Mali’s Interim Government Rejects UN Report On Killing Of 500 Villagers By Military

Mali’s interim military government on Saturday rejected the latest United Nations human rights office report that claims that at least 500 people were killed by Malian soldiers and unidentified foreign fighters during an anti-jihadi operation last year, reported Reuters.

“The transitional government vehemently denounces this biased report that is based on a fictitious narrative and does not meet established international standards,” government spokesman Abdoulaye Maiga said in a statement on Saturday.

Mali’s government spokesman said there were zero civilian fatalities during the military operation in Moura and that only terrorist fighters were killed.

The government condemned what it called a biased report based on a fictitious narrative, and also expressed surprise that the UN investigators had used satellites above Moura to gather information, without the clearance of the government.

It said that an investigation is being launched into espionage, an attack on the external security of the state, and military conspiracy.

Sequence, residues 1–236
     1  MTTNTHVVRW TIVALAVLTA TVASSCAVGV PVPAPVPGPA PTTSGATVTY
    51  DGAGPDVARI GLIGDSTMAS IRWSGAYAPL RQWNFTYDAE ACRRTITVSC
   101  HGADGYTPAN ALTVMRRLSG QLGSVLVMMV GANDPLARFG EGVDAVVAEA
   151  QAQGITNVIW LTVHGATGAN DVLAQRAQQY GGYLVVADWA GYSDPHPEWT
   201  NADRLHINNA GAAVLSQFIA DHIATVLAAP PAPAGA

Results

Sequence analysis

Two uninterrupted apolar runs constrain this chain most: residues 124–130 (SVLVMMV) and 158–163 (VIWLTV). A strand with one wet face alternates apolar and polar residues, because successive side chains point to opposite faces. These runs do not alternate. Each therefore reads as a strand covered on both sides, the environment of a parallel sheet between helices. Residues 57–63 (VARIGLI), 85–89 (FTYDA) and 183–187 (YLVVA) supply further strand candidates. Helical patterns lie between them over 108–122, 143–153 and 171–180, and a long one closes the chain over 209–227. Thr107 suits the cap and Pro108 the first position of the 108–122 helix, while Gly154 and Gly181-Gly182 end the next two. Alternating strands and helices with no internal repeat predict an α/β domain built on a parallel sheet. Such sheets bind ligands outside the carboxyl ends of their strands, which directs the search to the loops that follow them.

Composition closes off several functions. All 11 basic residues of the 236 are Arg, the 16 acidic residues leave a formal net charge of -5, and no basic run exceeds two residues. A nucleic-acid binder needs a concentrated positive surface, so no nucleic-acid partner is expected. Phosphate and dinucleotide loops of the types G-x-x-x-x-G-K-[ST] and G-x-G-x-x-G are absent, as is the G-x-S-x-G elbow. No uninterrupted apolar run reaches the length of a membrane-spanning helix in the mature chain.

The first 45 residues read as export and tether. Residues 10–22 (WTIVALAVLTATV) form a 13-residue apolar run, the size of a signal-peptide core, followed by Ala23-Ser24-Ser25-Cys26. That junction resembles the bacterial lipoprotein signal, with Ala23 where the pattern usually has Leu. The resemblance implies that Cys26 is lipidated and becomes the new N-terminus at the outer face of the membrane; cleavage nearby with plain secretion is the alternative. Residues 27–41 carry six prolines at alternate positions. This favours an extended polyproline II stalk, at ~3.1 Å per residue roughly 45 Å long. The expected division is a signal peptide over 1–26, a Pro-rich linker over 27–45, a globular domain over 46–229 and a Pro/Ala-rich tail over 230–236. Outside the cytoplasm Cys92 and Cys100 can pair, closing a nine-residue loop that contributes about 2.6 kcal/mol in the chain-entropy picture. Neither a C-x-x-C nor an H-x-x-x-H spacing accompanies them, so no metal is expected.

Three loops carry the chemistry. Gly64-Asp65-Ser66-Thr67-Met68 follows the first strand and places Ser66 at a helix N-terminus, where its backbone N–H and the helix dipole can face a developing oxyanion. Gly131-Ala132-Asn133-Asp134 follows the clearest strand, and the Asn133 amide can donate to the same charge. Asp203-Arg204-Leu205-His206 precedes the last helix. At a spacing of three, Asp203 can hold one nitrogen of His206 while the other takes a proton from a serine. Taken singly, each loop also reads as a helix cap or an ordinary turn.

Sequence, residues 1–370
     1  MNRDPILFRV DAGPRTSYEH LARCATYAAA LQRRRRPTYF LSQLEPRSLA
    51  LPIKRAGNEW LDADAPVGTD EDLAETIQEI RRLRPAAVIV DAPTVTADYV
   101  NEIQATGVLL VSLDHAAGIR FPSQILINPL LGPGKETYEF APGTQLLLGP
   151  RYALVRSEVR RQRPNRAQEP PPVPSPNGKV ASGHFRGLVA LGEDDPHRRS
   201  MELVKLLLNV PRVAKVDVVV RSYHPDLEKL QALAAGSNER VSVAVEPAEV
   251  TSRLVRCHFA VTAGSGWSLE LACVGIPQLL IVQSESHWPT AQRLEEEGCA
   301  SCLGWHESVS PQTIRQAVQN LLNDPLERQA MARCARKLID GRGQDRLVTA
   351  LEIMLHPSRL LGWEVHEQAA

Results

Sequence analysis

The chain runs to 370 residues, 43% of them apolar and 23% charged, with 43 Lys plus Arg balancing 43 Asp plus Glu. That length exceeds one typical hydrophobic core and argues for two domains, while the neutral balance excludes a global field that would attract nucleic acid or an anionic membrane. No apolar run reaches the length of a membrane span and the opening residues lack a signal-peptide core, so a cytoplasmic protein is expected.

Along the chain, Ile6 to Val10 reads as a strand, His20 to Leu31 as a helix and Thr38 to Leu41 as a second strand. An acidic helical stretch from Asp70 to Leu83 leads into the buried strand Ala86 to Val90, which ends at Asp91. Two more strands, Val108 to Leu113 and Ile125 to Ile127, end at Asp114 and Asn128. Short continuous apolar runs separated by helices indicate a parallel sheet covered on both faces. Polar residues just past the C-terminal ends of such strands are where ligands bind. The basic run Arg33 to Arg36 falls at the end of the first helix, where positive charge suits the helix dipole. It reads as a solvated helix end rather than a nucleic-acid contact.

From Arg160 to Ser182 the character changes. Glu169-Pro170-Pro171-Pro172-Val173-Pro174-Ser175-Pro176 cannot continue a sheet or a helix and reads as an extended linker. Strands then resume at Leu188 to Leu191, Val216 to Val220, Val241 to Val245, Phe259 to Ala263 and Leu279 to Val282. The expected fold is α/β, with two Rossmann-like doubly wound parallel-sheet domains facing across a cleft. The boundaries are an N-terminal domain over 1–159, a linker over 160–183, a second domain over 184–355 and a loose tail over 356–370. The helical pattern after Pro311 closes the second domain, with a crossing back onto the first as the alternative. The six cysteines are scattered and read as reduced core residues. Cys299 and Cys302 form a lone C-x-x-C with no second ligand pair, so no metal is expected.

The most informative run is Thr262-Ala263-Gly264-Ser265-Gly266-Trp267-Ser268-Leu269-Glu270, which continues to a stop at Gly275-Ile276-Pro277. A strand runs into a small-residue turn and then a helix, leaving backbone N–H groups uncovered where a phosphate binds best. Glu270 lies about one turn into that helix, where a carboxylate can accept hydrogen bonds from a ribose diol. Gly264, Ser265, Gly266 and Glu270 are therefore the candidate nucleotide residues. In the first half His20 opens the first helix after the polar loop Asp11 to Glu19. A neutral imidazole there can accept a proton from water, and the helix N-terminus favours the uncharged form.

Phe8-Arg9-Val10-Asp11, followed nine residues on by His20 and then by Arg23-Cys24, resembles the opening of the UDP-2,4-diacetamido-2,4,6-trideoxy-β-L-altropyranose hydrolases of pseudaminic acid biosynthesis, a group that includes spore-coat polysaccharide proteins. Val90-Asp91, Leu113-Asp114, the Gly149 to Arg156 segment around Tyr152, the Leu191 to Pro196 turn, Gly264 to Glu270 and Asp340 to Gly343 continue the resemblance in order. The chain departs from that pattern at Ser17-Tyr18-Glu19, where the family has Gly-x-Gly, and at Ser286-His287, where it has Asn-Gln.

The statement was released a day after the UN released its long-awaited report into the events that happened in the central town of Moura between March 27-31, 2022.

The report said Malian soldiers and foreign personnel reached Moura in helicopters on March 27 last year and opened fire on fleeing residents. It said that hundreds more were shot and thrown in ditches in a roundup in the following days.

The OHCHR report said that the organization has reasonable grounds to believe that 58 women and girls were victims of rape and other forms of sexual violence.  It said acts of torture had been carried out on people who had been arrested.

Mali’s government spokesman said a state investigation into possible human rights violations during the operation was still ongoing. He reiterated that Islamist fighters were killed rather than civilians.

The figures cited by the UN human rights organization amount to the worst atrocity the Sahel country has experienced since a jihadi insurgency flared in 2012.

Caroline Finnegan

A professionnal journalist for the past ten years, I cover global news and economic affairs for The Chief Observer.

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